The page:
1.           Tavazzi G, Pellegrini C, Maurelli M, Belliato M, Sciutti F, Bottazzi A, Sepe PA, Resasco T, Camporotondo R, Bruno R, Baldanti F, Paolucci S, Pelenghi S, Iotti GA, Mojoli F and Arbustini E. Myocardial localization of coronavirus in COVID-19 cardiogenic shock. Eur J Heart Fail. 2020.

2.           Kuhl U, Pauschinger M, Noutsias M, Seeberg B, Bock T, Lassner D, Poller W, Kandolf R and Schultheiss HP. High prevalence of viral genomes and multiple viral infections in the myocardium of adults with “idiopathic” left ventricular dysfunction. Circulation. 2005;111:887-93.

Cardiac Biomarkers and COVID19

Darryl Leong

In a single-centre retrospective study of 273 patients from Wuhan, China, Han et al. reported that 10% had elevated troponin I and 12% had elevated NT-proBNP concentrations(1). Elevated cardiac biomarker levels were more common among severely ill patients as compared to milder cases. Among mild cases, 5% and 7% had elevated troponin I and NT-proBNP levels respectively. In total, 24 deaths were documented (case-fatality rate 9%). The case-fatality rate was higher among those with abnormal cardiac biomarkers (23%) as compared with those with normal cardiac biomarkers (5%).

The frequency with which cardiac biomarkers are elevated in COVID-19 is uncertain. The present study only included hospitalized patients. The threshold for hospitalization is likely to vary in different settings; if hospitalization were reserved for only the most unwell patients, then one might expect higher biomarker levels and vice versa. Also, this report does not provide data on cardiac biomarkers among non-hospitalized individuals with COVID-19. Given that only the minority of individuals with COVID-19 are hospitalized, the true prevalence of myocardial injury is uncertain.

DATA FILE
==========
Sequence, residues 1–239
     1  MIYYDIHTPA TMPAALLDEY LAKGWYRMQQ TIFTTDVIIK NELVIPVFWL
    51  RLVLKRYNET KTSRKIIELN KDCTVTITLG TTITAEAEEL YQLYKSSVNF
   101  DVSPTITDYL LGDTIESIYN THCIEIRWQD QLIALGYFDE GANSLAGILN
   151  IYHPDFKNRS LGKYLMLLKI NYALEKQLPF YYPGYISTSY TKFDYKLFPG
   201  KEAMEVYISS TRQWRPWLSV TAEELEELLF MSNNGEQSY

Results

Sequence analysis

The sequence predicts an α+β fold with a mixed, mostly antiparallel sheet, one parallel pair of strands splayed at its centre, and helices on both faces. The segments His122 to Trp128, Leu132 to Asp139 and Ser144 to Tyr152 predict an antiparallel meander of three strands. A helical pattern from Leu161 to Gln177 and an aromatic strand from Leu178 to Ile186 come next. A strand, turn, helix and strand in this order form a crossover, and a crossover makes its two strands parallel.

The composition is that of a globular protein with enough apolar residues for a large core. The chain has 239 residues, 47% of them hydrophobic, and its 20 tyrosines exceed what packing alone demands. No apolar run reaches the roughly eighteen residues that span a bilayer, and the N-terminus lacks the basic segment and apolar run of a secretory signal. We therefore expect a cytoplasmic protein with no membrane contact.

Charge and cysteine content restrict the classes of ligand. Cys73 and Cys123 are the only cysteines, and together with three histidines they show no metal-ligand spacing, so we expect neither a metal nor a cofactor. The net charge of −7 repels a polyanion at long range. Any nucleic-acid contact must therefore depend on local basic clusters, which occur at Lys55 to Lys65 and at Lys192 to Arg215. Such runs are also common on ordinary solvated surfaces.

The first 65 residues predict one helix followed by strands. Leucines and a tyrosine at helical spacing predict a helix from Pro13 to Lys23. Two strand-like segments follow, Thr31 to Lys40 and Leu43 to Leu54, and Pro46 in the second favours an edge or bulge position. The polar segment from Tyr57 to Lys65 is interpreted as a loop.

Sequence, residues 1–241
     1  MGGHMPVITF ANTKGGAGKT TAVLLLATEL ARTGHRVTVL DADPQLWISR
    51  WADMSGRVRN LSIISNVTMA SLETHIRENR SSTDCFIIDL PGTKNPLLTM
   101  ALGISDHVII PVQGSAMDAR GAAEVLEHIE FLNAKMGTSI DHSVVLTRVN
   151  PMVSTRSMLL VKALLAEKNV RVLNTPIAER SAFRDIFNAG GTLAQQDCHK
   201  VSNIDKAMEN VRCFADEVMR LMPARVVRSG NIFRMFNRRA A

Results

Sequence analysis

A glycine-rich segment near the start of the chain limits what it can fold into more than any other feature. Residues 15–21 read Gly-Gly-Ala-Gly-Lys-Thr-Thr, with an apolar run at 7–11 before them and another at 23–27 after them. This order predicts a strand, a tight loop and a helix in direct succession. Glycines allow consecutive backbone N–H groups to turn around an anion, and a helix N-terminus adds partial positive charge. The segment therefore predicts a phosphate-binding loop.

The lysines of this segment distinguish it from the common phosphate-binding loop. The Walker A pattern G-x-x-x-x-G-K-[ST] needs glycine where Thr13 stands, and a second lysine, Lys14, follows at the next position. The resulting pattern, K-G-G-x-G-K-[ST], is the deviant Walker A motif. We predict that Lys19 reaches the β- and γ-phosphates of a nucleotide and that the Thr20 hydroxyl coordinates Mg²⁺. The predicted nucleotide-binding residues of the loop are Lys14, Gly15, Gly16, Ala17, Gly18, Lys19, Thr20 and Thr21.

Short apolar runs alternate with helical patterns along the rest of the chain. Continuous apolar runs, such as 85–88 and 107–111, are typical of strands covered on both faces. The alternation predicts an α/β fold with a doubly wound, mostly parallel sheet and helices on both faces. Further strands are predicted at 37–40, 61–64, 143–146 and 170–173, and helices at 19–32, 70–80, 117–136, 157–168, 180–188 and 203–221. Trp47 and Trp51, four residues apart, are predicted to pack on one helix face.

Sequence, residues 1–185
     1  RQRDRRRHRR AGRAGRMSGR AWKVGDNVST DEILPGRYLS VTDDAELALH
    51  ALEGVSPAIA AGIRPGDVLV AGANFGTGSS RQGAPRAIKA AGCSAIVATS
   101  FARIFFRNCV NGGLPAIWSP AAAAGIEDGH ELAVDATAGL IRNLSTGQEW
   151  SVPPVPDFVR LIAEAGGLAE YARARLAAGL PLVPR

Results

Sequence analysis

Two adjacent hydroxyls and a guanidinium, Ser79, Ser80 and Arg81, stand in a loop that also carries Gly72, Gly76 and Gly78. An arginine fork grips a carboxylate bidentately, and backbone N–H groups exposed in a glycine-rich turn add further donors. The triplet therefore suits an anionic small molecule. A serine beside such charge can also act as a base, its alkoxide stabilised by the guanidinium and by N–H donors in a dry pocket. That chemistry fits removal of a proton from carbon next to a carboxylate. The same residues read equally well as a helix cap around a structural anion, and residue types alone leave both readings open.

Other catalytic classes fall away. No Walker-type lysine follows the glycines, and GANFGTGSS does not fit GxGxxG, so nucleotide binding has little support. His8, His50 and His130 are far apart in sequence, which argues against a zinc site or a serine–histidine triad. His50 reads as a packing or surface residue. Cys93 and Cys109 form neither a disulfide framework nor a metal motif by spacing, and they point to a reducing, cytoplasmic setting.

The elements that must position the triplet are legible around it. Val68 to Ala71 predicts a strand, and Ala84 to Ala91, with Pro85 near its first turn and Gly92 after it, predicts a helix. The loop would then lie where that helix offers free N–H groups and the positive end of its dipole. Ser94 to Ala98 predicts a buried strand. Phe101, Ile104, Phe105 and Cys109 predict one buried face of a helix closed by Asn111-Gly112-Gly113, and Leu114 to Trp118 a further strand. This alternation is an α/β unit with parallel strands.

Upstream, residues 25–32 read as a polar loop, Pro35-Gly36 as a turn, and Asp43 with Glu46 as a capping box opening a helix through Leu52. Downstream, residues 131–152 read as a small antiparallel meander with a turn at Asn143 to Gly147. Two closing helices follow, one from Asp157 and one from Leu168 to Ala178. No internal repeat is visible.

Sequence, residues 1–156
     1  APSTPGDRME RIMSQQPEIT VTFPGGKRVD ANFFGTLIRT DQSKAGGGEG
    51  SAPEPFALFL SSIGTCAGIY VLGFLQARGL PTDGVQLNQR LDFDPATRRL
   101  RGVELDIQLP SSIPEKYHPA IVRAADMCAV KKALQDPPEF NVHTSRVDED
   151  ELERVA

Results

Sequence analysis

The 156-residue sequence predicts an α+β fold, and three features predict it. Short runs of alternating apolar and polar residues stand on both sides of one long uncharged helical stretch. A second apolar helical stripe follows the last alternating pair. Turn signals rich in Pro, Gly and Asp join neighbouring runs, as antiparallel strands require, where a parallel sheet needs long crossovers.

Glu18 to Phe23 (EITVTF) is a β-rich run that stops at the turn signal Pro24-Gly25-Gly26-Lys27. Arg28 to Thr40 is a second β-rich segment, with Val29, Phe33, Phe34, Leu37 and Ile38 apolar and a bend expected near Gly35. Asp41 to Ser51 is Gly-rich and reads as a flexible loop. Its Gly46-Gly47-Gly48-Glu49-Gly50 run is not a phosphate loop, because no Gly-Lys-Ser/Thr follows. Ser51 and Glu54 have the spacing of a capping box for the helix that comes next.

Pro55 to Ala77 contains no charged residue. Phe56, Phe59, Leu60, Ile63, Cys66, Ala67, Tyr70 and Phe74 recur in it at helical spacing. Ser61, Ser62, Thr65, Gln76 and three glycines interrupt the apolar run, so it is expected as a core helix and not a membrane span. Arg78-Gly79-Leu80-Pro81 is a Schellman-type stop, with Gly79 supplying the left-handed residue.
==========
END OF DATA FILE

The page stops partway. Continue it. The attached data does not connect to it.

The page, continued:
The finding that elevated troponin and NT-proBNP are prognostically important is novel inasmuch as COVID-19 is a new infection to humans but is unsurprising based on similar observations in a variety of other clinical contexts. Little is known about the mechanisms underlying such putative cardiac injury. There have been anecdotal reports of presumed and in some cases histologically proven myocarditis. The contribution of pre-existing cardiac disease and demand ischemia or metabolic insult is unclear.